We can turn now to the more uplifting result of the case brought by our member Angie McLoughlin.

The case report has earlier been published on this web site – https://iodpa.org/2019/04/10/injured-pensioner-wins-court-case-over-back-payment-of-pension/

Angie appealed by way of judicial review the decision by the Chief Constable of West Yorkshire Police to refuse to fully backdate payment of an increased injury pension award.

Angie was severely injured by a burglary suspect and was retired on an injury pension in 1983, which was set at 25% disability. This is categorised in the Regulations as ‘slight disablement’ and attracts the lowest possible level of pension payment. It also meant that Angie was due much less in the way of the one-off gratuity. With only six years service, she qualified for a gratuity of 30% of average yearly pensionable pay, whereas if she had been assessed as very severely disabled she would have been due for an 85% gratuity and a much bigger pension.

Angie became embroiled in lengthy dispute with West Yorkshire Police. There was good reason to suspect that some records had been altered, so as to change what was 75% to 25%.  The issue of fraud has still not been brought to a conclusion. We don’t want to in any way give the appearance of glossing over the huge problems Angie faced in attempting to secure justice, but for reasons of space and focus, we need to leap ahead to 2004 and then to 2019, being the dates of pivotal events.

In 2004, some 21 years after Angie retired, a review was finally held regarding her degree of disablement, though the decision on that review was not produced until 2007. Meanwhile, Angie continued to be paid the lowest possible injury pension, despite the fact she was totally incapable of engaging in paid employment. The 2004 review led on, after much delay and complications, to Angie appealing to a police medical appeal board in 2009. The board assessed her degree of disablement as 88%, thus placing her in the highest of the four bands set out in the Regulations and confirming she suffered ‘very serious disablement.’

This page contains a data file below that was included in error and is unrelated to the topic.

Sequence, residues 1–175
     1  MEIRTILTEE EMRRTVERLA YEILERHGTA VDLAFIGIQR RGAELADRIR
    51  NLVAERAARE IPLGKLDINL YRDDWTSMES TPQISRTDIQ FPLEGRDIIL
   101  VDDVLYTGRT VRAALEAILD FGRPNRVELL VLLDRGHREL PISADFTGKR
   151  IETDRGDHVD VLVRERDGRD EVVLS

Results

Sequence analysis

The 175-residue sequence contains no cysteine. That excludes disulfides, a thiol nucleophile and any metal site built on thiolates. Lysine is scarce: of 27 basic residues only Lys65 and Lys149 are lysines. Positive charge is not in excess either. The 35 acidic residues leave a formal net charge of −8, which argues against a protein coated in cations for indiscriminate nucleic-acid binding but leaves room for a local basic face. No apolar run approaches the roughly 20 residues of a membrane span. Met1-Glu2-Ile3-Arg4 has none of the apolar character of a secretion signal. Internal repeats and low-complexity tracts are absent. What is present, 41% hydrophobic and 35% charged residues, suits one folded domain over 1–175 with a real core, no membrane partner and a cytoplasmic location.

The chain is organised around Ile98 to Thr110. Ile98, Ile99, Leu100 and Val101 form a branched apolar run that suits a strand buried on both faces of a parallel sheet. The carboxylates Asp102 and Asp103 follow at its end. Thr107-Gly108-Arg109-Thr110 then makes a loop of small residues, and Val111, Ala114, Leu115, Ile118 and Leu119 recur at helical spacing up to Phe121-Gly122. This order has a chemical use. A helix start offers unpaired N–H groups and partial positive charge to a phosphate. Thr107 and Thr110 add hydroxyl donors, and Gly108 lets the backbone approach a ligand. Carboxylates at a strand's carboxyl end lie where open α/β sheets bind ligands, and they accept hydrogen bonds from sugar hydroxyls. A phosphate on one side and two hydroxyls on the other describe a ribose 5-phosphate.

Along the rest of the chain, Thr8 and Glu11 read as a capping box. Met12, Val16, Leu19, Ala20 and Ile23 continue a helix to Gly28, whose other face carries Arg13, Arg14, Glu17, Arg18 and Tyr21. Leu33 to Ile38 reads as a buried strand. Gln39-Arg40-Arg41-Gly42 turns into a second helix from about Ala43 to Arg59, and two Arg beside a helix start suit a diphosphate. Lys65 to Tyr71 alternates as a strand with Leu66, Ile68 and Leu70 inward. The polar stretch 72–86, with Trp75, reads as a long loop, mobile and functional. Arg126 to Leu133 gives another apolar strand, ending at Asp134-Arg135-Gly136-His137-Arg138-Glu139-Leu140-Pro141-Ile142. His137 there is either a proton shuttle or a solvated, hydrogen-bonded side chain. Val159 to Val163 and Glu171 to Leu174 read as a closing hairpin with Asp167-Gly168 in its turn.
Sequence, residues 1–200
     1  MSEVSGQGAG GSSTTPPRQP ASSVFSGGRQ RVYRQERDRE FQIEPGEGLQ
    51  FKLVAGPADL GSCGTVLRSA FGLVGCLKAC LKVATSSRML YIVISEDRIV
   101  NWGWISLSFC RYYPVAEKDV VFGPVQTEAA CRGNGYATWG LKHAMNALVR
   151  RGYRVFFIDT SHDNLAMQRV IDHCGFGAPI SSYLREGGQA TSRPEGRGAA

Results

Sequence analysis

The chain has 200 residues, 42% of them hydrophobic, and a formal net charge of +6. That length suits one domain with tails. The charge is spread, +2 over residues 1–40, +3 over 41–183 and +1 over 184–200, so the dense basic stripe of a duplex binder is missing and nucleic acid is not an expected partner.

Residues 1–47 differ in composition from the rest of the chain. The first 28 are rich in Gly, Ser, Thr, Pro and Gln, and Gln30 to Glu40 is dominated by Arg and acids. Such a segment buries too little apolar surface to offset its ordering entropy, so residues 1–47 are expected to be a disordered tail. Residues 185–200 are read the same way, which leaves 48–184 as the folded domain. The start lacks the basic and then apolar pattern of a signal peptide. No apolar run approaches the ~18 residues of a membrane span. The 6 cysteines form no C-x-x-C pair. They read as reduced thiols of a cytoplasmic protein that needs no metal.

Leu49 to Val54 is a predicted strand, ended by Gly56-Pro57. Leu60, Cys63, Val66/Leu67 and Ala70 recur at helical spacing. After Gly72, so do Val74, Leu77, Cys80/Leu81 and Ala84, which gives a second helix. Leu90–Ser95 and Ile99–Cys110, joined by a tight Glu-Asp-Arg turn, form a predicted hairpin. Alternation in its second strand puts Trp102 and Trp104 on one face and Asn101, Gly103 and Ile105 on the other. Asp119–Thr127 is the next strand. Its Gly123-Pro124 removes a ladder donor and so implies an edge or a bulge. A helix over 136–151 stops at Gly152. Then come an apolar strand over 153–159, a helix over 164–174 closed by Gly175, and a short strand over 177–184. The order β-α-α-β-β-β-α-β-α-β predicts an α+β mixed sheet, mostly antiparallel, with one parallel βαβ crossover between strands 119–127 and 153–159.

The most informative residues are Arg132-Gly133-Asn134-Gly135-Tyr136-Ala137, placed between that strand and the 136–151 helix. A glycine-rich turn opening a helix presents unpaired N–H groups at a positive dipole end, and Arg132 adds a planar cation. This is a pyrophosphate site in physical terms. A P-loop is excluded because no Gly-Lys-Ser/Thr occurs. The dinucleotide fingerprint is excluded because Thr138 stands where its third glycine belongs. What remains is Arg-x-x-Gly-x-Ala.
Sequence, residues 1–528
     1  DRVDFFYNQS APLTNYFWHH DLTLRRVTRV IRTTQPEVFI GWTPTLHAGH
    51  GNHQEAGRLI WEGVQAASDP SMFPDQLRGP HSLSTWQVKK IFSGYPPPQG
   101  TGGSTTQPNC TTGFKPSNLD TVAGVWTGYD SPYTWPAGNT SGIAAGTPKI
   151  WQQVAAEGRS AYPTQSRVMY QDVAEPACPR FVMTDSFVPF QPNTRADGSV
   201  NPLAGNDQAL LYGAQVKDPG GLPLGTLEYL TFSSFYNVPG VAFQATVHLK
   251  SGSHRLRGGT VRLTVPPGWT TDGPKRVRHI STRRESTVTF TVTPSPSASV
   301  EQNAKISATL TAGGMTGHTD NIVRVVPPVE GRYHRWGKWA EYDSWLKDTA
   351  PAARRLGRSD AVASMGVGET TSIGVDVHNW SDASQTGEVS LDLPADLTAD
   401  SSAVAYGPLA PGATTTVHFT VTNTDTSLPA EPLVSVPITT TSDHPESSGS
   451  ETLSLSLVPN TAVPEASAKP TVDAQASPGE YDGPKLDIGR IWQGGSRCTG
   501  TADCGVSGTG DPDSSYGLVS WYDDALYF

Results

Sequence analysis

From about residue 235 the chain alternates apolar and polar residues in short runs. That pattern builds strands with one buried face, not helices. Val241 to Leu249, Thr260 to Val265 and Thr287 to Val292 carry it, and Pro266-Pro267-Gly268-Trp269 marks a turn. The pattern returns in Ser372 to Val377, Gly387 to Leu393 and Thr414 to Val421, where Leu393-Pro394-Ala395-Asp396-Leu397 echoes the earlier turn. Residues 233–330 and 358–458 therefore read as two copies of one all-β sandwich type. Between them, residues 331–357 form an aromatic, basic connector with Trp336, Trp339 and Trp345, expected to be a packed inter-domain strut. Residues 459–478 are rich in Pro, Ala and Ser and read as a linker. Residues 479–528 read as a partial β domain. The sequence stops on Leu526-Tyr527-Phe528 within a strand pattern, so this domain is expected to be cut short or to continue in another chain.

In August 2017, the police pension authority – none other than the Chief Constable – agreed to arranging a regulation 32 reconsideration of the original decision that had set her degree of disablement at 25%. Dr Iqbal was tasked with making the reconsideration as the original decision maker was no longer available.

Dr Iqbal concluded in April 2018,

In my opinion, based on the assessment carried out today as well as the evidence to hand, it is my opinion that at the time of the original decision in January 1984, a band 4 degree of disablement was appropriate.

 

The PPA continued to reject its liability to make complete restitution, with arguments over the period to be covered, so the matter was taken to judicial review in 2019, with the issues summarised by the court as,

The Appellant’s case is that Dr Iqbal’s fresh report, being by way of a re- consideration under Regulation 32(2), replaces Dr Anderson’s report of January 1984, and, as a consequence, the payment obligations owed by the Chief Constable are substituted for the payment obligations owing by the Chief Constable arising as a consequence of the previous report.  In other words, the Appellant asserts that the Regulations mandate back payments to cover the period from December 1983 to 2007.  The Respondent’s case is that the payment obligation is affected only from the date of Dr Iqbal’s report, that is from April 2018, and that the Appellant is not entitled to any backdated payments.

 

Angie won her case, and West Yorkshire Police became obliged to pay her all monies claimed, plus interest.

There are themes common to both cases, not least the effects of the passage of time on rights, liabilities and the practicality of securing a fair reconsideration through the application of regulation 32. These are weighty issues and it is likely they will figure again in other cases. IODPA would prefer to focus for now on highlighting and praising the immense courage and determination displayed by Angie and Colene. Pensioners and serving officers across the country owe them both a debt of gratitude. The history of the long-running ‘injury pension war’ as it has been dubbed, shows that it is only when individuals bring matters to court will errant police pension authorities mend their ways.

In the Boskovic case, we see the deputy head of the force’s legal services writing,

As a keeper of the public purse, it is right that the Chief Constable (as the Police Pensions Authority) considers her position carefully.

 

This implies the PPA was concerned about the costs which might result should they lose the case, and thus be liable, through reconsiderations, to make good injury pensions underpaid through years of maladministration and flawed decisions.

However, the judge took the view that it was appropriate for a PPA to take into account the cost of the process of reconsideration when deciding whether to agree to one or not. We can only but wonder at the logic of a PPA balking at spending the few hundreds of pounds a reconsideration would cost, yet happily spend many thousands of pounds of public money on contesting matters brought to judicial review. In the Boskovic case, the PPA may well be feeling the expense was justified, but is sure to find that any financial advantage apparently gained will be short lived.